The treatment is mainly aimed at to remove cancer and get relief from painful symptoms. It majorly depends on the stage as well as the type of cancer. Other factors to consider are age, health status, and other characteristics of the option.
The treatment for colon cancer mainly includes surgery, chemotherapy and radiation therapy.
Before initiating the surgical procedure, surgeons provide with some drugs or medicines such as Aminosalicylates, Corticosteroids, Immunomodulators, Biologics, etc to cure the mild pain and some gastric symptoms in the abdomen. The patient is then moved to an operating room and positioned on a table. He or she will be given a general anesthesia medication that induces sleep so that the patient is unable to feel any pain during the operation. The surgical team will then proceed with the colectomy. Colon surgery is generally performed in two ways:
Traditional colectomy. Traditional surgery requires a surgeon to make an incision of about 6 to 8 inches long in the abdominal wall to access the colon. The surgeon uses surgical tools to cut free the intestine from the surrounding tissue and cuts a part of the colon or the entire colon.
Laparoscopic colectomy. In laparoscopic colectomy is also called minimally invasive colectomy as this involves several small incisions in the abdomen. After that, the surgeon inflates the abdominal cavity with carbon dioxide gas through a tube, known as a cannula which helps them to navigate the laparoscope easily. They pass a tiny high-resolution camera through one incision and special surgical tools through the other incisions. The surgeon views a video screen in the operating room as the tools are used to cut the colon from the surrounding tissue. The colon is then brought out through another small incision or port in the abdomen. This process allows the surgeon to operate on the colon outside of the body. Once the colon is repaired, the surgeon reinserts the colon through the incision.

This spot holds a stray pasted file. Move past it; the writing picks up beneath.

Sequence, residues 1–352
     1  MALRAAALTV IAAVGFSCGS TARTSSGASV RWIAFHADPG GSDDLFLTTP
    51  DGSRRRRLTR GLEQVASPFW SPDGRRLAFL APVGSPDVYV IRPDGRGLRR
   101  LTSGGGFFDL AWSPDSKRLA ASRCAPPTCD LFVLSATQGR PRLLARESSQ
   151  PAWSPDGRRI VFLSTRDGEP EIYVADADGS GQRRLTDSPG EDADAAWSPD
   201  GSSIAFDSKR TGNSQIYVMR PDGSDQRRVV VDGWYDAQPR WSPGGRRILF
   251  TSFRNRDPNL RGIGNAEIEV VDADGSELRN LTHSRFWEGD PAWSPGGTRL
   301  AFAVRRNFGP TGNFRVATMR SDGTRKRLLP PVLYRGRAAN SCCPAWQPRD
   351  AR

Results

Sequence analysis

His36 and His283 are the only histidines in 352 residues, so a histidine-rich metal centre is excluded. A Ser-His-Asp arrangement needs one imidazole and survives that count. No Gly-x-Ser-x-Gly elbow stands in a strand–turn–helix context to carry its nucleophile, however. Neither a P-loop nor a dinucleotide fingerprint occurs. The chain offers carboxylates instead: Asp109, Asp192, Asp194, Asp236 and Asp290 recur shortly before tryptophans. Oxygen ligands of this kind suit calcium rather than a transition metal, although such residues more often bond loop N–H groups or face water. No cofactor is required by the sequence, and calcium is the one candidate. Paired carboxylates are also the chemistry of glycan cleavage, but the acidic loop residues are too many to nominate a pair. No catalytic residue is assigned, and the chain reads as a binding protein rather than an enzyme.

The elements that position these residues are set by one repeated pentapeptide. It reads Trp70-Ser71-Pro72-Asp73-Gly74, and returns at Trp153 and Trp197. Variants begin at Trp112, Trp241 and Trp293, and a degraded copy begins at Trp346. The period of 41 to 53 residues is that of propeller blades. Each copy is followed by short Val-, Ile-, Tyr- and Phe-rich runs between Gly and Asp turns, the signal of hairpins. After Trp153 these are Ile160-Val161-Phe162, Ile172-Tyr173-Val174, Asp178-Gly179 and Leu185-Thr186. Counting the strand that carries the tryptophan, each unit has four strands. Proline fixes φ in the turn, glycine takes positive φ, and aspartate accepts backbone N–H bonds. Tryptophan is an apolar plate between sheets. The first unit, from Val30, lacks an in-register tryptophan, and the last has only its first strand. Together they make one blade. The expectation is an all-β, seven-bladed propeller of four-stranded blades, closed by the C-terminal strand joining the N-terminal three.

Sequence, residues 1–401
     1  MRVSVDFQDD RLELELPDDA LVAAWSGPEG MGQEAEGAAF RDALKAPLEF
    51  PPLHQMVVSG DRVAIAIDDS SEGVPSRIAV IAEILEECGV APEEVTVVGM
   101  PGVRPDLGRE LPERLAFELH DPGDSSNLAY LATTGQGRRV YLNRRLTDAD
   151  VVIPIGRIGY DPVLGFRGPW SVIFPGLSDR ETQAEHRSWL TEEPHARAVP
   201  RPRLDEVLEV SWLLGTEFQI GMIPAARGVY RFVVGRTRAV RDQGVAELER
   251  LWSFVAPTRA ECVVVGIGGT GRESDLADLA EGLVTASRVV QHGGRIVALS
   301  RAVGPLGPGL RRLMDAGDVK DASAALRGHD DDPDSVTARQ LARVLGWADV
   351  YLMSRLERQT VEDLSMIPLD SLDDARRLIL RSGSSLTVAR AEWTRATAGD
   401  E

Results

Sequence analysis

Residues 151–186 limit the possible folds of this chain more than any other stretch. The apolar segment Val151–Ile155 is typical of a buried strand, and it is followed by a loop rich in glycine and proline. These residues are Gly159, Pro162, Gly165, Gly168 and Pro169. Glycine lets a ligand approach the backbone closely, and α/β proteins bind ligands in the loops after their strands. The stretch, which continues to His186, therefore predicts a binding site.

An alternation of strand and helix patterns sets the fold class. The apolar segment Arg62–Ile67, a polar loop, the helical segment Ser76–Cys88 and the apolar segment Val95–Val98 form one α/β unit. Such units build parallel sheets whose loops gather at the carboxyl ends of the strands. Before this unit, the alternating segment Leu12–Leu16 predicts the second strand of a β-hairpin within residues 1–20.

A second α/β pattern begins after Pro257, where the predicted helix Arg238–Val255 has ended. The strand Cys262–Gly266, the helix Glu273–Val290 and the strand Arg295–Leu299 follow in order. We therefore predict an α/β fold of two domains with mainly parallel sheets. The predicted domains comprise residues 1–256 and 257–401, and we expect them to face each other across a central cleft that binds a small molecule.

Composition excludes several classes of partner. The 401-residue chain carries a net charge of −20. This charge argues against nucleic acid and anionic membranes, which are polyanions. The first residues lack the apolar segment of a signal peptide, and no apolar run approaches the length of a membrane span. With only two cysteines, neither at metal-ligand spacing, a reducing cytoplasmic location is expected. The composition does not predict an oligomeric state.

Either anastomosis or colostomy is carried out after a colectomy. An anastomosis is to stitch the ends of the colons that are left. If any health portion of the colon is left, surgeons make an opening called a stoma on the outer wall of the belly. The colon is then attached to the outer wall. Stool goes through the stoma into a drainage body that is attached outside the body. The whole method is known as colostomy. A colostomy can either be short-term or permanent.
It is generally used to interfere with the cell division process by damaging proteins or DNA in order to damage and kill cancer cells. These treatments aim any rapidly dividing cells, including healthy ones. During chemotherapy, chemicals are administered in cycles so the body has time to heal between doses. Some of the common sides include hair loss, nausea, fatigue or vomiting.
By focusing high-energy gamma rays on cancer cells, radiation treatment damages and kills cancer cells. This can be used as a standalone treatment to shrink the tumor or cancer cells, or alongside other cancer treatments. The side effects include mild skin changes, nausea, vomiting, diarrhea, fatigue, appetite and weight loss.
In developed countries like the US, colon cancer is prevalent, hence there is more awareness about its detection and prevention. In a country like India where the number of reported cases are low, there is a lack of a mechanism of screening programs.
As the disease mainly occurs with lifestyle instability, cancer can be prevented through regular exercise and healthy eating. This combination will go a long way in curbing the condition in India.
Also Read: Some Facts Related to Colorectal Surgery